It is commonplace for taxpayers to own UK property which contains a mixture of residential and commercial. For example, where a building will have commercial premises on the ground floor, and residential premises above.
These taxpayers are likely to be partially exempt for UK VAT purposes, receiving taxable income on the commercial parts where an option to tax has been notified, for example, with income being exempt from VAT on the residential parts.
Businesses are required to claim VAT in accordance with either the standard partial exemption method, or a special methodology, for which the latter needs to be agreed with HMRC to claim VAT incurred in the correct manner. In addition to the regular VAT returns, such taxpayers are required to perform an annual adjustment at the end of their ‘tax year’ (usually ending on 31 March, 30 April or 31 May, depending on the VAT stagger). However, for some businesses that have agreed a different ‘tax year’, for example, to be in line with the year end of the business, that tax year can differ from the usual tax year. Accordingly, for some UK taxpayers, this could take place on the VAT return covering the period to 30 September 2023, due for submission by Tuesday, 7 November 2023.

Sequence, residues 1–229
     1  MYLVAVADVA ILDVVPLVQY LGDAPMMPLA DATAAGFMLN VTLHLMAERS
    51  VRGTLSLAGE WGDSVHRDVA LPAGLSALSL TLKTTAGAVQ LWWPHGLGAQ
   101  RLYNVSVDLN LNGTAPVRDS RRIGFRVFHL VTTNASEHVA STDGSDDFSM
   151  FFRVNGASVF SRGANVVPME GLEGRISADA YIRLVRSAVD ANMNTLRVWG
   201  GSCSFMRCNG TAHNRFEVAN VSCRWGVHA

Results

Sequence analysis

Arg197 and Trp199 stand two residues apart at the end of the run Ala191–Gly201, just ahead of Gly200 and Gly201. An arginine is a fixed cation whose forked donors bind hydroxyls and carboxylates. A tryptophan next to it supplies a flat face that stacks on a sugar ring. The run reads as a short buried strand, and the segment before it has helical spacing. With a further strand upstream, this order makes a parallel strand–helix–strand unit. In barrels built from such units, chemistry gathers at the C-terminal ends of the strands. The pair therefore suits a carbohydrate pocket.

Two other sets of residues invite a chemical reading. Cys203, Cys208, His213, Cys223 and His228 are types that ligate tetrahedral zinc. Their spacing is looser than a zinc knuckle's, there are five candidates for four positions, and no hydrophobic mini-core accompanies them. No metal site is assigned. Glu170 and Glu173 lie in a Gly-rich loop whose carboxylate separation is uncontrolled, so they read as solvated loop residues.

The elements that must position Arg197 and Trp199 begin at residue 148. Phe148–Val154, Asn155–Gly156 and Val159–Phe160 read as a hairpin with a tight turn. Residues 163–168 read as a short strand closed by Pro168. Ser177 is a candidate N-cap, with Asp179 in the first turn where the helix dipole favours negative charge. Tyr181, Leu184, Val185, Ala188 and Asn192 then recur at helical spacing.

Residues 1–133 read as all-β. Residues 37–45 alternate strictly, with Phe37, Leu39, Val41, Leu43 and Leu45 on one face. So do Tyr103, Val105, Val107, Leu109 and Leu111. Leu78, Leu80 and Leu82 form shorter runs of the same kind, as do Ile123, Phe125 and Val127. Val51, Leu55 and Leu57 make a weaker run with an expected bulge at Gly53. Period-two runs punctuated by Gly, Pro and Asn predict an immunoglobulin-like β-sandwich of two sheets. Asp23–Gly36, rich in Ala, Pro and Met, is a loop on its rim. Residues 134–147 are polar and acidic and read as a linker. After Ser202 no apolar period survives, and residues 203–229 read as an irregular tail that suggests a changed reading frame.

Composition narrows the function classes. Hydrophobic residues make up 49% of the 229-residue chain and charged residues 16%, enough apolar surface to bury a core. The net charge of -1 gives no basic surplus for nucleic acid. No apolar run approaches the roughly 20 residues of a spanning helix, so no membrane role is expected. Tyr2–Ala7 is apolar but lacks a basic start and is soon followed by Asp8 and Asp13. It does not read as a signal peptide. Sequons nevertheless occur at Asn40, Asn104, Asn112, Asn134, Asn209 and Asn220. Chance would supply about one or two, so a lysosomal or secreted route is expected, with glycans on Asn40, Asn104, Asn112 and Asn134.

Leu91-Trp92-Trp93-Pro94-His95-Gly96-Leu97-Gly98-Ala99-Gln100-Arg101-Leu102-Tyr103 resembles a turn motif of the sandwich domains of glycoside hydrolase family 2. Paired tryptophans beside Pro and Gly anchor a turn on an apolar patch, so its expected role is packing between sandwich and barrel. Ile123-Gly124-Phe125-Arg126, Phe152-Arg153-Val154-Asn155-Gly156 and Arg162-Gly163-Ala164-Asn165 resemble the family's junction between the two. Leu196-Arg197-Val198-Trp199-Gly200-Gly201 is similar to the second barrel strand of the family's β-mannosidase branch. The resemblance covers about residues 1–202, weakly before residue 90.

Partial Exemption Annual Adjustment
All partially exempt taxpayers are required to carry out a partial exemption calculation along with their VAT returns. In some periods a business may be within the de minimis limits, therefore allowing it to reclaim all of its VAT; whilst in others, there may be a restriction on the VAT that can be claimed. In addition to this, once a year such businesses will also have to calculate an annual adjustment. This is required by HMRC to ensure that businesses account for any changes in use of the property throughout the year.
Partial Exemption – Planning Opportunities
We would recommend that the Gravita VAT team carries out the annual adjustments for you as they can be long calculations which lead to retrospective VAT adjustments. As part of our assistance with your annual adjustment, we will look to identify any opportunities to make VAT savings.
There is a standard method prescribed by HMRC for calculating partial exemption adjustments. However, with agreement form HMRC, other partial exemption special methods can be used where they produce a more fair and reasonable result.
Capital Goods Scheme (CGS)
Closely associated with partial exemption, capital expenditure on land and buildings (including certain construction projects) with a value of £250,000 or more (exclusive of VAT) which was subject to VAT at the standard or reduced rate will fall within the CGS.
Where capital expenditure falls within the CGS, the asset to which that spend applies must be monitored over a period of ten years so its ongoing use can be reflected in the VAT recovery. The CGS requires adjustments to be made to the initial amount of VAT claimed to reflect the differences in the taxable/exempt use of capital items over a period of time.